Account of the Viking Siege of Paris offers new insights into the early Middle Ages

Account of the Viking Siege of Paris offers new insights into the early Middle Ages

By Peter Konieczny and Sandra Sadowski

The chance to work on an amazing and unique story was the reason behind Nirmal Dass producing a new edition and translation of a ninth century text that described Viking and Frankish warfare. His recent publication of Viking Attacks on Paris: The Bella Parisiacae Urbis of Abbo of Saint-Germain-des-Pres, is an eyewitness account of the Norsemen’s seige of Paris in the years 885 and 886. It is the first complete English translation of this text.

The poem offers vivid descriptions of warfare in the early Middle Ages and offers scholars interesting insights into the events as well as early medieval French kingship. Dass, who teaches at Seneca College in Toronto, Canada, finds that Abbo also wanted his readers to draw moral lessons about the meaning behind these events. “Behind every event, there is meaning and value,” he said in an interview with Our Site. For the medieval man, “when events happen there is always a reason for it. There are divine and cosmic forces at work.”

While some historians have dismissed Abbo as a “hack poet”, Dass explains he believes the writing was pretty good. The poem is written in a heroic style and metre; this was Abbo’s “Aeneid” with the Frankish defenders portrayed nobly and the Vikings likened to animals. Dass added that they were described as ‘a swarm of bees’ by Abbo.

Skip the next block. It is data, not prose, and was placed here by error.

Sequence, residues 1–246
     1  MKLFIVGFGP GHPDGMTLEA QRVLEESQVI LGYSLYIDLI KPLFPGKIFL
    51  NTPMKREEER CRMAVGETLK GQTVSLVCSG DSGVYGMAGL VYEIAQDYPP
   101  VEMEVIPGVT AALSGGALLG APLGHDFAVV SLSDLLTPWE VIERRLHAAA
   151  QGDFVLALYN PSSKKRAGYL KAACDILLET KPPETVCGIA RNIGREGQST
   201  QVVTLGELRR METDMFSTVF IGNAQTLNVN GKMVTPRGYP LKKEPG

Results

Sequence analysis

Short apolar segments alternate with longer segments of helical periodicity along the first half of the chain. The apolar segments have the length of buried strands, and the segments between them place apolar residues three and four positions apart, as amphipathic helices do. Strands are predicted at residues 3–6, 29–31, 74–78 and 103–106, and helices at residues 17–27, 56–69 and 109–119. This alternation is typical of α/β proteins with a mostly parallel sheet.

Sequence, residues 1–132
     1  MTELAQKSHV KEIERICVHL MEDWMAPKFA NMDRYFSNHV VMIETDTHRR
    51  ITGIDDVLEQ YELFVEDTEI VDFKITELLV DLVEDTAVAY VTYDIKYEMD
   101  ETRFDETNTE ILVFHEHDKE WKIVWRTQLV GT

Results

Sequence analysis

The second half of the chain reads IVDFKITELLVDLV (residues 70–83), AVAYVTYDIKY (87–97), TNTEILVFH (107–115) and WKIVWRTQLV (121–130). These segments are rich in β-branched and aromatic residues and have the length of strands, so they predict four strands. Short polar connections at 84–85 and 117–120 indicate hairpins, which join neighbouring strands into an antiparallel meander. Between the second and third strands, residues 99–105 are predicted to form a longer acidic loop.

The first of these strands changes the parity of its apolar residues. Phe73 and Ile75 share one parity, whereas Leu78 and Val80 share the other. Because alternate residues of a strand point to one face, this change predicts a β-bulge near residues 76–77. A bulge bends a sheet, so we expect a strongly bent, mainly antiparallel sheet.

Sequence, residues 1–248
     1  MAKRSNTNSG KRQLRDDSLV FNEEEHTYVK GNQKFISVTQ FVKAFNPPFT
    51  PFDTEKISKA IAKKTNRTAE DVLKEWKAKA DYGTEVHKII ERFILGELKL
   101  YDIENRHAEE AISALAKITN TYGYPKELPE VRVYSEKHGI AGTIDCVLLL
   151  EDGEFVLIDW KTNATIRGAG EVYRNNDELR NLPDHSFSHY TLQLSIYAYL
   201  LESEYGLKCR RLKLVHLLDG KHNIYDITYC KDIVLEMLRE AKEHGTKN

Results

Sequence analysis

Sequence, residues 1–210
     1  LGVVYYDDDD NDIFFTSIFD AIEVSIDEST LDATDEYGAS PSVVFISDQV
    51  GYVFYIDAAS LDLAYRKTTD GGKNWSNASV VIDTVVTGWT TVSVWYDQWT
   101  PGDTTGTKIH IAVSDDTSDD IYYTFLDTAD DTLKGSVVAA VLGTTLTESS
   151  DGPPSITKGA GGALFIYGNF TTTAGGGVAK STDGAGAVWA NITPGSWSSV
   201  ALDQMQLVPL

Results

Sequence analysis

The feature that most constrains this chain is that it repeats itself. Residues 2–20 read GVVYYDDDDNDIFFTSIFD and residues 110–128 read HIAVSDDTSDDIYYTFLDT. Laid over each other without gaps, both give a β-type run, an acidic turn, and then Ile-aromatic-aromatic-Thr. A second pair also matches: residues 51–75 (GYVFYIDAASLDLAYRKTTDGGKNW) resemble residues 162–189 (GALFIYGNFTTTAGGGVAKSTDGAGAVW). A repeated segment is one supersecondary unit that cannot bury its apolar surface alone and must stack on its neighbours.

When asked why he chose this topic, Dass mentioned his love of the early Middle Ages and interest in translation. He holds a Phd in Translation Studies from York University, Toronto. He feels that “translation is one of the most essential vehicles to the study of the past. It’s the foundation to our knowledge…the bedrock of knowledge”.

What surprised Dass most in his research? ‘The ease with which Vikings and Franks conversed. The concept of language was fluid and not pinned down to ethnicity. Communication at this time depended upon the notion that language didn’t have borders’ He stated that, ‘Ethnicity and identity is a modern imposition. We’ve painted ourselves into a corner. This book teaches us that human beings are about ideas. In the Middles Ages, ideas about ethnicity were weak. Franks did not see themselves as related to the Germanic Vikings but viewed themselves as Trojans. Human beings are a construct of ideas. The book is ultimately about civilization and barbarity.’

Dass is now working on translations of several other medieval texts, including accounts of the first and fourth crusades, which although have been translated before, are in need of updating for modern readers and removing the old biases of previous translators. He is also working on a new edition of the Encomium Emmae reginae for Dallas Medieval Texts and Translations, which he describes as “a wonderful history of a wonderful woman” – the 11th century Anglo-Saxon Queen Emma. Dass is also working on a historical fiction novel.

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